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March 17, 1989 - Image 12

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Publication:
The Michigan Daily, 1989-03-17

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Page 12 -The Michigan Daily - Friday, March 17, 1989
Firm's recommendation
dooms Tiger Stadium

'M' in chase for title
Grapplers in second as second round nears conclusion

DETROIT (AP) - Tiger
Stadium, home of the Detroit Tigers
for 76 years, should be abandoned for
a new, open-air grass field, a
consulting firm recommended.
Hellmuth, Obata and Kassabaum
Sports Facilities Group of Kansas
City said in their report that a new
stadium is preferable to building a
domed, multi-purpose arena or to
renovating the present stadium.
The consultants estimated the
new stadium would cost between
$57 and $81 million, but with fees
and other costs, the price could reach
$117 million. A domed stadium
would cost about $157 million, the
report said.
The recommended facility would
seat 55,988 people and would have
parking for 560 cars. Tiger Stadium

seats 52,806 fans and has only
privately operated parking lots.
The future of the stadium, which
has view-blocking pillars and
outdated vending and restroom
facilities, has been debated since at
least 1970. Three sites in the
neighborhood near Tiger Stadium
previously have been suggested as
locations for a new one.
HOK last year was invited to
come up with an inexpensive way to
renovate Tiger stadium or design a
new ballpark.
The Detroit Baseball Club
announced its support of the HOK
plan yesterday, saying it "best
enhances the interests of Tiger fans,.
as well as the future of baseball in
the city."

Detroit manager Sparky An-
derson and his Tigers may have to
adapt to a new habitat. A
consulting firm recommended
yesterday that Tiger Stadium be
abandoned.

BY STEVEN COHEN
SPECIAL TO THE DAILY
OKLAHOMA CITY - After a
disappointing third-place finish at the
Big Ten championships, the fifth-
ranked Michigan wrestling team is in
a position to put that behind them at
the NCAA championships.
After the heavyweight matches in
the second round, the Wolverines
were in second place with 21.25
points. Oklahoma State was first
with 25.25, followed by Michigan,
then Oklahoma (21) and Arizona
State (20.5). Iowa State was fifth
with 19.5, Big Ten champ Iowa was
in sixth with 17.5 points
In yesterday's opening round, the
Wolverines won six of eight
matches. 126-pounder John Moore
was pinned at six minutes 31 seconds
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by third-seeded Kendall Cross of
Oklahoma State while Sam Amine
was pinned at 3:42 by No. 1 seed
Tim Kreeger of Iowa State.
If a wrestler loses an opening
round match he can only advance to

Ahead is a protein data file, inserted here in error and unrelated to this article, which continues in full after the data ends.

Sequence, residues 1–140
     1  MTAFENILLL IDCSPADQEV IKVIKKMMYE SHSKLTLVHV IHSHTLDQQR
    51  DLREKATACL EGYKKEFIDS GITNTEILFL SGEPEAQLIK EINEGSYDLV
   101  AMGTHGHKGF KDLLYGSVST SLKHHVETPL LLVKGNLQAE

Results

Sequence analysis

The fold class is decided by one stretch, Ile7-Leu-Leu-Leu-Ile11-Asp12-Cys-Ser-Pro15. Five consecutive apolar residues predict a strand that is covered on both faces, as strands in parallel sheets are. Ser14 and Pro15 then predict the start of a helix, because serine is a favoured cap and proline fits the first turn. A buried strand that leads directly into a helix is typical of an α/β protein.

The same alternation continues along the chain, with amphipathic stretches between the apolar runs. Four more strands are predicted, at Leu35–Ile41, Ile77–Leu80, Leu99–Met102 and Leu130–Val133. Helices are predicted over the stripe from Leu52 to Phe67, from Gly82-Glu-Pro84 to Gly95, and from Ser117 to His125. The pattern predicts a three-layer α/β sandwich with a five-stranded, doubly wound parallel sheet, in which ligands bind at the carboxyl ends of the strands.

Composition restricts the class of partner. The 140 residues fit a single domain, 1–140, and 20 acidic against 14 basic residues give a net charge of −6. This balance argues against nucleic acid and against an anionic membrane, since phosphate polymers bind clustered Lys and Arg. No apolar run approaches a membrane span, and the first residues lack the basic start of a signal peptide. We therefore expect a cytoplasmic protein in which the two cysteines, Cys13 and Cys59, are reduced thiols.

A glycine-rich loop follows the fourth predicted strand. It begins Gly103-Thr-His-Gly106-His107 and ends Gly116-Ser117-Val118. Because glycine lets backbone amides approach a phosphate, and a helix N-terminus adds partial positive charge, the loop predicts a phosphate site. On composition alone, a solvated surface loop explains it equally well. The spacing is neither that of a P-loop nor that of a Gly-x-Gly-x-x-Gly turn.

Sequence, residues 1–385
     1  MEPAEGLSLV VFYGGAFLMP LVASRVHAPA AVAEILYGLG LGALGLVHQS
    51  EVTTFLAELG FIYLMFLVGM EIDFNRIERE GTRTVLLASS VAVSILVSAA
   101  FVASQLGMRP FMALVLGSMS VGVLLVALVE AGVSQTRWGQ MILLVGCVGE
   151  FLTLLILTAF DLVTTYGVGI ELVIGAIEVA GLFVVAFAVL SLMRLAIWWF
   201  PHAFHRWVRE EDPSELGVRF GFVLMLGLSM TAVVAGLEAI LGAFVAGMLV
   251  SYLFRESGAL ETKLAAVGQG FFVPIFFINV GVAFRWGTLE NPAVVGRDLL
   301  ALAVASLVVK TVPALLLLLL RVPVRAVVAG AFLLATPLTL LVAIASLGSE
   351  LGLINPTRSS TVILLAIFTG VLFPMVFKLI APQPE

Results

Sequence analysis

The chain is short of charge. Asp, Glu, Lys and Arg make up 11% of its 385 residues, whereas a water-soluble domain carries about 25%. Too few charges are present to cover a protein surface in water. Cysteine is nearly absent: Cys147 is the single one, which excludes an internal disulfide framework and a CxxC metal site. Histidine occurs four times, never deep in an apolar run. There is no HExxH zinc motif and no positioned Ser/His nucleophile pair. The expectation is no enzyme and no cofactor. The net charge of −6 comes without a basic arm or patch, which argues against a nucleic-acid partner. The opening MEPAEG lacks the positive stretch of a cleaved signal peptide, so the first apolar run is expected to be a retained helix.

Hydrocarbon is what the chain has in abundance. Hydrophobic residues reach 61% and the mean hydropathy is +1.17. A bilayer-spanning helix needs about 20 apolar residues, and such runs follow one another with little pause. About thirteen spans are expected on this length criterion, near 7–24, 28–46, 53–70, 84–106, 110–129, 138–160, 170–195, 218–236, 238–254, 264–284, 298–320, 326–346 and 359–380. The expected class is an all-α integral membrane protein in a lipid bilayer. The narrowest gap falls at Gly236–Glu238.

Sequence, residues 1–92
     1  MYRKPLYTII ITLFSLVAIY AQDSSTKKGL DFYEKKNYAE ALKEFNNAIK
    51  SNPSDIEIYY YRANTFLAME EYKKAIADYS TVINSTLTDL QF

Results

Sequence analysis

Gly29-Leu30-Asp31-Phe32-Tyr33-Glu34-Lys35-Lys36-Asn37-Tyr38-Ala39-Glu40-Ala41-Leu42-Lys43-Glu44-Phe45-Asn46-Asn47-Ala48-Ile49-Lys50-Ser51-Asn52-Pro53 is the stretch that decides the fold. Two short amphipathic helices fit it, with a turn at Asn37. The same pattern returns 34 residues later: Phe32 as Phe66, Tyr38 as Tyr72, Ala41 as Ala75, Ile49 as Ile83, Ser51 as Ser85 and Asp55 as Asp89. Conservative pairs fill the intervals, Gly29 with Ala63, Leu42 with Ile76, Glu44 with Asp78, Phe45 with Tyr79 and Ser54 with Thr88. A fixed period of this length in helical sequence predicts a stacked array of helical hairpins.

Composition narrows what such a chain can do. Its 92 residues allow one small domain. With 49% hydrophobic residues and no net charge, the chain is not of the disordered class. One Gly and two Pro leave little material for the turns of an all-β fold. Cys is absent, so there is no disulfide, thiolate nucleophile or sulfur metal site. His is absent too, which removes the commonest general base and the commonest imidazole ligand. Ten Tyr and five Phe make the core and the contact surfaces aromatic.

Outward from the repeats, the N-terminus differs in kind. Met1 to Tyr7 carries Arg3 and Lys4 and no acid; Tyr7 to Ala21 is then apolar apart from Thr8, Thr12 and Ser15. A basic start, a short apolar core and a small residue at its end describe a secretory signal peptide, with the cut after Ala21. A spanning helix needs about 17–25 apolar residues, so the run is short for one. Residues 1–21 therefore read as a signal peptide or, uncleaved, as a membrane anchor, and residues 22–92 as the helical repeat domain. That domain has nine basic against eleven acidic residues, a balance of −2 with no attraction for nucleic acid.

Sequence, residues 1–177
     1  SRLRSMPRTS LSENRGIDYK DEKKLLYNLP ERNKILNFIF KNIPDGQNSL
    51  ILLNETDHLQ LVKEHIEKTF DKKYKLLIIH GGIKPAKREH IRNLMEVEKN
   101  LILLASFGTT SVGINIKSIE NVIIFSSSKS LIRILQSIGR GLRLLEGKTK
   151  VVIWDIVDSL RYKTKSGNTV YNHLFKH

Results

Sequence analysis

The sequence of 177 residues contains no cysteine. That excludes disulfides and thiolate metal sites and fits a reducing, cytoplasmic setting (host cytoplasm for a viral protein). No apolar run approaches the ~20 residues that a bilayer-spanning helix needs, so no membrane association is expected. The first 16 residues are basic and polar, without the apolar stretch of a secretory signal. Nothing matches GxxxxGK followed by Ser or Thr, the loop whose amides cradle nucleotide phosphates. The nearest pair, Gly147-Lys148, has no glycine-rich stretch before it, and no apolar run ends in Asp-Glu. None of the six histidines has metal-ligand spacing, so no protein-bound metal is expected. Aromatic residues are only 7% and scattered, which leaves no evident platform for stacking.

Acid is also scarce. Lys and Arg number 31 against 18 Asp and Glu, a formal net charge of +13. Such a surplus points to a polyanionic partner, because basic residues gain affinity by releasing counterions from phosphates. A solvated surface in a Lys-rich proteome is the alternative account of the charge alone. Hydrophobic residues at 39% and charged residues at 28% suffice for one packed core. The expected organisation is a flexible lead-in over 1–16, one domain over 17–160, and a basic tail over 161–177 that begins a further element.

the next round if the person who beat
him wins his next match.
Both Moore and Amine stayed in
the tournament and won their
consolation matches.
Michigan coach Dale Bahr was
pleased with the Wolverine per-
formance. "I think everyone wrestled
to their ability or better except for
(Joe) Pantaleo. I think it was a case
of first match jitters for him."
Pantaleo, the second-ranked 158-
pounder defeated Mike Flynn of
Edinboro by the narrow margin of 4-
3. In the next round Pantaleo returned
to form with a 16-1 technical fall
over Jay Landolfo of North Carolina.
Other Wolverine wrestlers were
more consistently impressive. Fifth-
ranked 134-pounder John Fisher
scored an 8-0 decision over Mike
Moreno of Iowa State and a technical
fall over Miles Nilson of Eastern
. .

Michigan. Fisher, who has lost the
past three seasons in the quarterfinals,
will face a formidable opponent in
eighth-ranked Mike Lingenfelter.
Larry Gotcher, fifth-seeded at 142
pounds, pinned his first round oppo-
nent Danny Hayes of Missouri, after
which he said "It feels good. That's
an example of what I'm going to do."
In his second round match Gotcher
defeated Joe Cesari of North Carolina
State 2-1, advancing him to the
quarter-final rounds.
Ninth-seeded Mike Amine, at 167
pounds, pinned Steve Blanner of Mis-
souri in 2:56. In the second round, A-
mine advanced with a 13-12 decision
over Notre Dame's Chris Geneser.
Unranked 190-pounder Fritz
Lehrke and unranked heavyweight
Bob Potokar impressed in the early
rounds but fell late last night. Lehrke
won his first two matches before he
lost a heartbreaker to Chris Short of
Minnesota 5-3.
Potokar, who has suffered through
a somewhat lackluster season defeated
sixth-seed David Jones of Cal State-
Fullerton 3-2 before losing in the
second round to 11th-seed Chris
Thornbury of Tennessee-Chattanooga
1-1 (regulation), 3-2.
With all eight wrestlers stilll in
contention, the sky is the limit for
Michigan. But Iowa assistant coach
Barry Davis warns, "It's too early.
There are two days left. You don't
count the first day, just the last day."

I

MAKE YOUR MOTHER HAPPY.

Show her that good taste runs in
the family. Show her she raised a smart
kid. Someone who knows the value of
a dollar
Bring her to the Berkshire for a fes-
tive lunch or dinner in our Polo Club
restaurant. Where the Sunday brunch
is second to none. And where our
European chef creates classic spe-
cialties that can't be beat.
Enjoy the extraordinary piano music
and laughter filling the Polo Lounge.
Hear the sizzling sound of our piano
player as he takes you on a musical
tour from Pop to Bach, from Bird to
the Beatles.
And what mother wouldn't feel at
home in a luxurious guestroom fit for
a queen? With beautiful furnishings,
24-hour room service, and an interna-
tional staff eager to make her stay
comfortable and memorable.
All this, just a short drive from
campus, where you'll find the Berkshire
adjacent to Briarwood Mall.
So call Marie at the Berkshire for
your parents' next stay. Or to make
your next special occasion something
really special.
It's a sure way to make someone
happy.

Michigan Daily
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